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7 Ways to Pay Off Your Mortgage Years Earlier

Teresa Mears, Ben Luthi, Jeff Brown

Owning a home is one of the hallmarks of the American dream, but most people don't really own the house they live in. In fact, less than 40% of homes were mortgage-free in 2017, according to the U.S. Census Bureau's American Housing Survey.

When you own your home free and clear, you can save, invest and achieve other financial aims. Understanding the many ways to pay off a mortgage early can help you take meaningful steps toward reaching that goal.

[Read: Best Mortgage Lenders.]

How Can You Pay Off Your Mortgage Early?

For many homeowners, a 30-year mortgage is standard. But chances are slim that families remain in one home for anywhere near that long.

On average, homeowners stay eight years before selling, according to Attom Data Solutions' 2019 first-quarter U.S. home sales report. Still, working on paying off your mortgage early could provide some benefits, such as interest savings.

"Paying down your mortgage can fast-track your path to true homeownership and save you from making interest payments over time," says John Pataky, executive vice president and chief consumer and commercial banking executive at TIAA Bank.

If your lender does not charge a prepayment penalty and you want to pay off your 30-year mortgage in 10 years or less, here are some good starting points:

Add a little more to your monthly payment. Early in a mortgage, most of your payment goes toward interest. Any extra payments chip away at your principal.

Say you have a $100,000 30-year fixed-rate mortgage at 4.5%, and you add $100 to your usual $500 monthly payment. You'd pay off your mortgage eight and a half years early and save more than $26,300 in interest.

Pay more often. Making half your monthly payment every two weeks results in one extra payment each year.

If you did this with the same 30-year fixed-rate mortgage, you would shave off five years from your loan term and save roughly $14,500 in interest.

Just keep in mind that you will make three half-payments two months out of the year. Check that your budget won't be stretched too thin.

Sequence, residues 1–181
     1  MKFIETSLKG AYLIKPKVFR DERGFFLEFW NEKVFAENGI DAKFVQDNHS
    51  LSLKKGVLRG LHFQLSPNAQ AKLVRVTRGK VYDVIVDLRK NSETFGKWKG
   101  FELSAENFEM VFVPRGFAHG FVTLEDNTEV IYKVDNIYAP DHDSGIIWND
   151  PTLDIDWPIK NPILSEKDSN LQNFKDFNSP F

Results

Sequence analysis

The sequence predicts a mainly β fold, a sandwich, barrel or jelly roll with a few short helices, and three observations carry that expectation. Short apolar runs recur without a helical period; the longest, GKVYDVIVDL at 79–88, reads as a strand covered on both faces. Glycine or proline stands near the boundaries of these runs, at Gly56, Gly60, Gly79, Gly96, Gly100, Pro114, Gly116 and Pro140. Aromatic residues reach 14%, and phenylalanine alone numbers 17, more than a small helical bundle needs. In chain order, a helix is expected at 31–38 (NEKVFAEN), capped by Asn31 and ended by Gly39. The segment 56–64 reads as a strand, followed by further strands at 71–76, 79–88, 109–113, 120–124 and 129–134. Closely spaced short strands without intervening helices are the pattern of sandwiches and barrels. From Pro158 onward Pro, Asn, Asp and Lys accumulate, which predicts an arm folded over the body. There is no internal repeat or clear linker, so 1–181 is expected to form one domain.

Make extra payments whenever you can. Jackie Beck, creator of the Pay Off Debt app, and her husband paid off their $95,000 mortgage in less than three years. As the two earned more, they neither spent nor borrowed more money.

Instead, Beck and her spouse put extra cash toward their mortgage, at first just $35 each month and then more. At one point, they were so eager to pay off their loan that they made eight payments in a month.

Make one extra payment a year. This method provides about the same savings as making half a payment every two weeks but requires less work. When you make the payment doesn't matter. You could pay at the end of the year or wait until you get a tax refund or bonus.

Refinance your mortgage. If you can refinance your mortgage at a lower interest rate, your new loan will likely have a lower monthly payment. But if you make the same payment, you may be able to cut years off your mortgage and save thousands of dollars in interest.

Another strategy is to refinance your mortgage into a loan with a shorter repayment term. This may increase your monthly payment but ensure that you wipe out your debt faster and with less total interest.

Do not fritter away small windfalls. Every time you receive a work bonus, tax refund or cash gift, put it toward your mortgage instead of something else. How much you can save in time and interest varies, but even a few hundred dollars now and then adds up over several years.